The internet solved the problem of collaborating at scale very well. But when it comes to giving groups a viable financial mechanism and a sustainable organizational structure, we are back to talking with lawyers and accountants, again in our own silos. Having one legal structure per community is pretty much like having one server per blog. It’s hard to argue that that’s where we should put the focus on.
It seems to me then, that the problem we need to solve is: how do we achieve decentralized, scalable, mass collaboration that involves the use of money?
Having one legal structure per community is like having one server per blog.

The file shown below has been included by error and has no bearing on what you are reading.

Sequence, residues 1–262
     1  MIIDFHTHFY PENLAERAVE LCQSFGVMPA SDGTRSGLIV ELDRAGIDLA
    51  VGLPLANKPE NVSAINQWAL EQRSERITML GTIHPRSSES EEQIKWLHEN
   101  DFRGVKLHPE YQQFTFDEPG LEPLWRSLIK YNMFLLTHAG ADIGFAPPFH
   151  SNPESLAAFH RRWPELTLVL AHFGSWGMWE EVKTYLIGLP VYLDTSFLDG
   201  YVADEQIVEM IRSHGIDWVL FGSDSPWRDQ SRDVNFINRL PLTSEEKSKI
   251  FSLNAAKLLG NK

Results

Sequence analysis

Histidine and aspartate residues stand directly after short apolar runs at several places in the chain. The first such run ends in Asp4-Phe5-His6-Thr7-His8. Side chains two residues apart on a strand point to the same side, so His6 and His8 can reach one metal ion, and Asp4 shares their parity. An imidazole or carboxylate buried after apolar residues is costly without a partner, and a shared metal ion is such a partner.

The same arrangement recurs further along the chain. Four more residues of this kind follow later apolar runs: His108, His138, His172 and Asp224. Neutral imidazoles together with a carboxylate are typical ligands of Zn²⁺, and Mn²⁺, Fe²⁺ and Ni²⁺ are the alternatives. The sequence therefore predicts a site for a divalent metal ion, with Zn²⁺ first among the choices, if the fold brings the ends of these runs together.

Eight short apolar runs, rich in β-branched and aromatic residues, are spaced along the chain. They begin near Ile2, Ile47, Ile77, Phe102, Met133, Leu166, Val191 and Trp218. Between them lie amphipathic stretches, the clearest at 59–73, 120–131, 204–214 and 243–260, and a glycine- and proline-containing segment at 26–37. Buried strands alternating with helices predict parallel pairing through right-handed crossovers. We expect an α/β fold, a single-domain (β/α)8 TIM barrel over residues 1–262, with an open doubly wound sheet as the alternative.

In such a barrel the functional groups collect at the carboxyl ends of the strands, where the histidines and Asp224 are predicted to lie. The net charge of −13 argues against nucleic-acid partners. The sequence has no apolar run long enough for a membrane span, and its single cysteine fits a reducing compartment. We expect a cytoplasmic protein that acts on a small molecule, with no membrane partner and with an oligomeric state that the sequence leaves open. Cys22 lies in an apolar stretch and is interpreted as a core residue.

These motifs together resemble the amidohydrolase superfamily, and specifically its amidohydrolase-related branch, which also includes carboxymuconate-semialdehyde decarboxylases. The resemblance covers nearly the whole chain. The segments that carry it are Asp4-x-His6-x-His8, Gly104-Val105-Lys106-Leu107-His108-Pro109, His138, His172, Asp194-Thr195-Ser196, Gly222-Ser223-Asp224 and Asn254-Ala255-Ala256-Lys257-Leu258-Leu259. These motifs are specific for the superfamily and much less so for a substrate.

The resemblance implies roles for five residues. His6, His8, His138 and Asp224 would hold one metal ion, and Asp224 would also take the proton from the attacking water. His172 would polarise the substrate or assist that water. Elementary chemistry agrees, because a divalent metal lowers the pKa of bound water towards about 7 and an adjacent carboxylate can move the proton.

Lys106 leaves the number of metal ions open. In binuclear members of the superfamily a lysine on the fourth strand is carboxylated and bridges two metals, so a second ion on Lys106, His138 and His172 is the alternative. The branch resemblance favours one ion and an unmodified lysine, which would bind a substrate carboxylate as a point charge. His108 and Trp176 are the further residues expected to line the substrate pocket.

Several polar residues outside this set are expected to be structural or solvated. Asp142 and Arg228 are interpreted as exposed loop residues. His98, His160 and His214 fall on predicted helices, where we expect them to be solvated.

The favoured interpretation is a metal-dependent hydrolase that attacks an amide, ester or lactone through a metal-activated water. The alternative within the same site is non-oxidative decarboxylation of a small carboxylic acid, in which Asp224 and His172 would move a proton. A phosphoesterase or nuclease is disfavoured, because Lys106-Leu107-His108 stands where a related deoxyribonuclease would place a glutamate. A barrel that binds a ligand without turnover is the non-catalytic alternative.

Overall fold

Our contribution to this little problem here, is Open Collective, an open source tool for transparent finances. Open Collective enables communities, open source projects, transnational social movements, and political parties to collect donations and mobilize volunteers by mutualizing activities like fiscal sponsorship, bookkeeping, and fundraising.
Anyone can see the inner-workings of a collective at any time: where the money is coming from and where it’s going. Anyone can contribute, and anyone can emerge as a leader for any period of time. This level of transparency enables existing organizations to virtualize their entities and host multiple collectives, empowering local chapters to crowdfund and process expenses without needing to set up their own company and bank account.
Interview with Joey Rosenberg, global leadership director of an organization on a mission to inspire women to excel in…medium.com